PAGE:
19 June 1535 – The Executions of Sebastian Newdigate, William Exmew and Humphrey Middlemore

Carthusian martyrsOn 19 June 1535, Sebastian Newdigate, William Exmew and Humphrey Middlemore, monks of the Carthusian Order of London Charterhouse, were hanged, drawn and quartered at Tyburn. Their crime was refusing to accept King Henry VIII as the Supreme Head of the Church after his marriage to Anne Boleyn and subsequent break with Rome.

Between May 1535 and August 1540, 18 Cathusian monks were put to death for this crime, some being hanged, drawn and quartered, some being hanged in chains and others being starved to death. All 18 are recognised as martyrs by the Catholic Church.

Trivia: George Boleyn and Thomas Boleyn, along with the Duke of Norfolk, Henry Fitzroy and Henry Norris, were present at the executions of three Carthusian monks on 4 May 1535.

You can read more about the Carthusian monks in my article from last year – click here.

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3 thoughts on “19 June 1535 – The Executions of Sebastian Newdigate, William Exmew and Humphrey Middlemore”
  1. Those poor men, how they suffered.
    I can never comprehend how such a barbaric form of execution as hung drawn and quartering could ever be thought up, what did they have going on in their head/s!!
    Apparently it was devised in 1241 to punish William Maurice who was convicted of piracy, but I can’t find out the name/s of the inventor/s to take the ‘credit’!!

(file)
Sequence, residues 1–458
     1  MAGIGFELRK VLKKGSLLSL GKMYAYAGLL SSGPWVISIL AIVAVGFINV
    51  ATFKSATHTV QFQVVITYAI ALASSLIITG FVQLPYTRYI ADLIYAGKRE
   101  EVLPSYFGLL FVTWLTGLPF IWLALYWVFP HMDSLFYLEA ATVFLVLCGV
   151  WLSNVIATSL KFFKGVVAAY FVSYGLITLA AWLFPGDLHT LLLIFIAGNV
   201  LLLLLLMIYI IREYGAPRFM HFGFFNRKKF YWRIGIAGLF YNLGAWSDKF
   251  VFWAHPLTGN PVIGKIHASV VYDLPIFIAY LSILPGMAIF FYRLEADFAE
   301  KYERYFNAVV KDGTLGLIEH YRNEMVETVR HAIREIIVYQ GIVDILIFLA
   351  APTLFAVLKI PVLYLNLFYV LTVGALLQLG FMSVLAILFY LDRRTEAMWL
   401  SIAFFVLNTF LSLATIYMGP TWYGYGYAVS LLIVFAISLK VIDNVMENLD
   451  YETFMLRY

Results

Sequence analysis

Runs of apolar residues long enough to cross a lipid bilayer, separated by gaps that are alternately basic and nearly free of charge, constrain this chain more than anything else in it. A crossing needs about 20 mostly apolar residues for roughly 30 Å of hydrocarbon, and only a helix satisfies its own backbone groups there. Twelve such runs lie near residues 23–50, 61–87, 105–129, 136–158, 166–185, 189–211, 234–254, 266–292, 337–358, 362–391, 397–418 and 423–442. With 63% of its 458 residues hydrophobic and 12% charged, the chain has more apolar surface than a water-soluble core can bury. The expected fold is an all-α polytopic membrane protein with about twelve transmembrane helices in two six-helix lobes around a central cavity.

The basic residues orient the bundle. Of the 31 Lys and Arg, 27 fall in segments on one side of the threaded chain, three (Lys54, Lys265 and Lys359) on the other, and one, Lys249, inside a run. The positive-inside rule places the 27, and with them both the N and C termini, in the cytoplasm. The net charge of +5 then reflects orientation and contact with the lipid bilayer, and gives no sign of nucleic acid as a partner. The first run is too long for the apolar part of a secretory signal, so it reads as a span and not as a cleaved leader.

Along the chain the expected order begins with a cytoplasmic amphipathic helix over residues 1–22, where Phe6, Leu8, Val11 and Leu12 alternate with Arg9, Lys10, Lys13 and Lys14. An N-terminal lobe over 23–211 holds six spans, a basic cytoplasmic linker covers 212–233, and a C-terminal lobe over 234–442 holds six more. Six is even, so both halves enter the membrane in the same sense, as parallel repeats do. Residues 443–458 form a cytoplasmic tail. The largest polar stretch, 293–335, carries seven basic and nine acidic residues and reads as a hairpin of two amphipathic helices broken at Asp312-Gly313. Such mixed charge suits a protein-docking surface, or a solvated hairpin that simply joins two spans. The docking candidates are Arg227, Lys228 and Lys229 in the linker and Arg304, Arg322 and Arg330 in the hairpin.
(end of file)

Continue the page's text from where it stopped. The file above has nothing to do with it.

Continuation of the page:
It was employed a lot under Edward I, in his efforts to bring Wales, Scotland and Ireland under English rule. One of the more noteworthy victim’s of this horrific death, under Edward’s rule in 1283, was the last Prince of Wales, Dafydd ap Gruffydd (David) who was found guilty of treason…he was drawn to the gallows for being a traitor to the King who had made him a Knight , hanged for the crime of the Murder of a Gentleman, his limbs burnt because he had violated the solemnity of Christ’s Passion through his act of murder, and his quarters to be dispersed through the country where he had in different places plotted the King’s death. His head was then placed on the Tower of London, next to his brother’s, Llewellyn.

    It was under the rule of George III that the last full gruesome act of this punishment was carried out on a Scotsman, David Tyrie, in 1782 on Southsea Common. He was a clerk at Portsmouth Naval Office, who was caught in ‘treacherous correspondence’ with the French. His only ‘blessing’ being he was hung until dead before the full extremity of the execution was carried out.

    In 1867, under Queen Victoria, that 2 Irish Fenians, Burke and O’Brian were sentenced to this execution, but it wasn’t carried out, that same year it was abolished for good…not that long ago in the grand scheme of thing was it…less than a 150year ago!!

    Whether guilty of a crime, or not, as definitely in the case of these Monks, no one deserved to have that inflicted on them.

  2. a reign famous mostly for kangaroo court justice and judicial murders, which were the fruit of the king’s ego and frustrated personal desires. oh what a defender of the faith he turned out to be!